IDF mission receives global support

IDF 'Special in Uniform' which allows teens with special needs to serve and integrate into Israel's social fabric wows supporters worldwide.

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Arutz Sheva Staff,

Special in Uniform
Special in Uniform
Special in Uniform

When it comes to Israel’s military, everyone’s a strategist: From Knesset debates to Facebook posts, supporters of Israel often disagree on various IDF strategies.

Nonetheless, at least one campaign has earned steadfast support from across the political landscape and around the world: With support from the Jewish National Fund, (JNF), Special in Uniform has introduced over 300 teenagers with special needs into the IDF to date, and by all accounts, this unique program to combat social stigma is doing everything right.

“When I describe the program to friends in New York, I sometimes get strange looks,” says Tiran Attia, the program’s director of development. “‘Israel faces a million existential threats,’ they tell me. ‘Who is even thinking about this problem?’”

As it turns out, many Israelis think about this problem from early childhood.

Army service in Israel is much more than a duty. It is a gateway to social integration. A great equalizer. A shared experience that few teens can imagine living without. Yet, for decades, teens with disabilities lived without, as letters of automatic deferment arrived in place of the enlistment orders received by their able-bodied peers.

Special in Uniform has created a new reality, allowing the bold and brave IDF to show its sensitive soul. Once enlisted, soldiers are matched to units and jobs that are suited to their abilities. Common assignments include inventory, K-9 care, data management, food prep and hardware repair.

To Laura Olson, a San Francisco-based supporter, the suitability of the jobs is an essential element of the program. “It’s important to remember that it’s their abilities, not their disabilities that count!” she emphasized after a recent visit to Israel with her husband.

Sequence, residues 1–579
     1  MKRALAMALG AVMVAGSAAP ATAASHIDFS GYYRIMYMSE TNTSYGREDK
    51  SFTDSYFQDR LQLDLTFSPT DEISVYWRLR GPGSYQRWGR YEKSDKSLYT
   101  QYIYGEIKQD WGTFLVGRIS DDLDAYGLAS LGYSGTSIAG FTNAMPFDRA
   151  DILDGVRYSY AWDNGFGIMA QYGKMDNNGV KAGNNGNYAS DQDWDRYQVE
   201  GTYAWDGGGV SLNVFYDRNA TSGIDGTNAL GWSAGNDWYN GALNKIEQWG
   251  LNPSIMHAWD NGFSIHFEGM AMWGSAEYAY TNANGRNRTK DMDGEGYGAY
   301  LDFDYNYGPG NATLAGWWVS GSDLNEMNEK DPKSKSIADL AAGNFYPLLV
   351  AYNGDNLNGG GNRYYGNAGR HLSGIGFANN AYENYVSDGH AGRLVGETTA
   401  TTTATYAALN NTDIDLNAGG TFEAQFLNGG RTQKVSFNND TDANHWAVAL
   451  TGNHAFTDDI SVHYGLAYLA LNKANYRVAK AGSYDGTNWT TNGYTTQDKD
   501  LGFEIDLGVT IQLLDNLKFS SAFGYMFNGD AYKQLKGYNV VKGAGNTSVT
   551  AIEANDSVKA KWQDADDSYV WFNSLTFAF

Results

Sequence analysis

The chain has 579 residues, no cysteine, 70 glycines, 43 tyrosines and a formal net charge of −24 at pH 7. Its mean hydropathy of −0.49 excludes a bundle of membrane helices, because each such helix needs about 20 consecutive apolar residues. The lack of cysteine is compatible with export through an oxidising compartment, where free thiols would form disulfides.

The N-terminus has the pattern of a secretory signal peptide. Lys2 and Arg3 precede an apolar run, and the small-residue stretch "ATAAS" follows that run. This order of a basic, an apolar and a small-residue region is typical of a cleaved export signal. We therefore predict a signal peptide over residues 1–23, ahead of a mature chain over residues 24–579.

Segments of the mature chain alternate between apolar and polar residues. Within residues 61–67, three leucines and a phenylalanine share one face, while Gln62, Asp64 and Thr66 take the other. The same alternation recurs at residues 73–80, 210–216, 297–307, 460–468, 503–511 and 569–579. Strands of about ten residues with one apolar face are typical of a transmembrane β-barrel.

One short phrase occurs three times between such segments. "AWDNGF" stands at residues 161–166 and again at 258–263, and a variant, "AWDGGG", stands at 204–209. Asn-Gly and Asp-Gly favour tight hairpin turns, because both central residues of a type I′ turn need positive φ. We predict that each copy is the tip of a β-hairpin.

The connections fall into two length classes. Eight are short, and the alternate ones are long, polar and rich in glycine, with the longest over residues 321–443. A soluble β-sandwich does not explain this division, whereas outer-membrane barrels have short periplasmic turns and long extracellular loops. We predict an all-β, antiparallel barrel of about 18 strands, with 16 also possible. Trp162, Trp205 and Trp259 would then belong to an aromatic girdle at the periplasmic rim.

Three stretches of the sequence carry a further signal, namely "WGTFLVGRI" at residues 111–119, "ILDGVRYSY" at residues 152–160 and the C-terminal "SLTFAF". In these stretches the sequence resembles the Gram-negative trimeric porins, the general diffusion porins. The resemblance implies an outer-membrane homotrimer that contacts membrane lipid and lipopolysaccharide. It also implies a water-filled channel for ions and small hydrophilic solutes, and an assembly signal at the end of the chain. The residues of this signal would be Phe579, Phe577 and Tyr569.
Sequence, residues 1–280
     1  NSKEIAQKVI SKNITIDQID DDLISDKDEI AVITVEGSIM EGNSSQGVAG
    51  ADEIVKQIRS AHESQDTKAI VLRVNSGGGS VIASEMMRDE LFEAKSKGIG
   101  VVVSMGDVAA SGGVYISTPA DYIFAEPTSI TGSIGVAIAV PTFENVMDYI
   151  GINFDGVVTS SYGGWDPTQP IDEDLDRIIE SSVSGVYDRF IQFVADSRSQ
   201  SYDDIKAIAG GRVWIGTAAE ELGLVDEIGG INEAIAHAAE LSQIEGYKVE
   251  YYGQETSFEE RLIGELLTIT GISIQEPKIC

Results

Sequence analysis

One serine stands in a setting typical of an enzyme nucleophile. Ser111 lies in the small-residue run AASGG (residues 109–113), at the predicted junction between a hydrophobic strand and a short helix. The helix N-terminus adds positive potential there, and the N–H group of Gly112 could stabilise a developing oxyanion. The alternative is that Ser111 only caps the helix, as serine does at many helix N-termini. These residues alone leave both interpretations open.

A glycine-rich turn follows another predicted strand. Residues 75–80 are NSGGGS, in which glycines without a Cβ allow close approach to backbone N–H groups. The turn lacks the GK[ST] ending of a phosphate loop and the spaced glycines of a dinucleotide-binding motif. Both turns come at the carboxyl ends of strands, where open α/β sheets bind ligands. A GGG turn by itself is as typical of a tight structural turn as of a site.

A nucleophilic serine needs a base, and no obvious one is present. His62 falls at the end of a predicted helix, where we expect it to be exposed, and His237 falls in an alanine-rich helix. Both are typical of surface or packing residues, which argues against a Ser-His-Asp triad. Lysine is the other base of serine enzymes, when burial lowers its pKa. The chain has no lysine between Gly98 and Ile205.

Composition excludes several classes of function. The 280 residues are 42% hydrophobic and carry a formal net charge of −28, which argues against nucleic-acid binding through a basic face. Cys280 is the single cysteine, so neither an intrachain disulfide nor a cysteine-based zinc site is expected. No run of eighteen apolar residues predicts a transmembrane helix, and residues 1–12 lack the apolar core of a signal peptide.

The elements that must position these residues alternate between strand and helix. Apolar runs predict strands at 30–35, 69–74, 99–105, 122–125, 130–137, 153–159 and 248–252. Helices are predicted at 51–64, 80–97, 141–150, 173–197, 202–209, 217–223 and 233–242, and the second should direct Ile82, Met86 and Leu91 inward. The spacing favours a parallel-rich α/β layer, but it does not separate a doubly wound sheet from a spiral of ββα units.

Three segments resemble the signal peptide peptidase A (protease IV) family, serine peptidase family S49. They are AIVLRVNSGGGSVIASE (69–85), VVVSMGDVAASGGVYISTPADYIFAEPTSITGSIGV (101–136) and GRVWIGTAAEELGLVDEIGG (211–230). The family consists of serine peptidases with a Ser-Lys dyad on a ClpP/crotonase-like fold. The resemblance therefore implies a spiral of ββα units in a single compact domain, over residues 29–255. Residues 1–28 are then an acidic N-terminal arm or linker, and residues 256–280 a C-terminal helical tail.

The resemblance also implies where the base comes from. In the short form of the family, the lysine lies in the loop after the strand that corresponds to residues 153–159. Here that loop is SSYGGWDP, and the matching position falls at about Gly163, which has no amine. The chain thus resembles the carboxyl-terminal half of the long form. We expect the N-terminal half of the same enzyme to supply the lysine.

As the program expands, many more families are feeling the embrace of society. Yet, Special in Uniform leaders are aiming higher, cheering their soldiers as they climb the ranks of the IDF.

Sapir, a rising star in the IDF, who was born with developmental challenges, enlisted in the program with the encouragement of her mother. From childhood, she was driven “to prove that people with disabilities can serve in the army like anyone else.” After a recent exhausting training trek, she received her beret. “I’ve definitely proven it by now,” she mused.

According to Attia, the mission and achievement of Special in Uniform is about more than inclusion. “This is a perfect sample of Israel’s DNA,” he explains. “In this country—only in Israel—the dignity of every person is exactly what our military is fighting for. This means more than helping them enlist. It means guiding every Special in Uniform soldier higher and higher, to bring out his or her greatest potential and give the IDF a tremendous new energy.”

Beth Gluck, a JNF associate from Atlanta, Georgia, wholeheartedly agrees. “There’s nothing like Special in Uniform to teach us what the heart of a Jewish state is,” Beth says.

Special in Uniform
Special in Uniform
Special in Uniform
Special in Uniform

Special in Uniform
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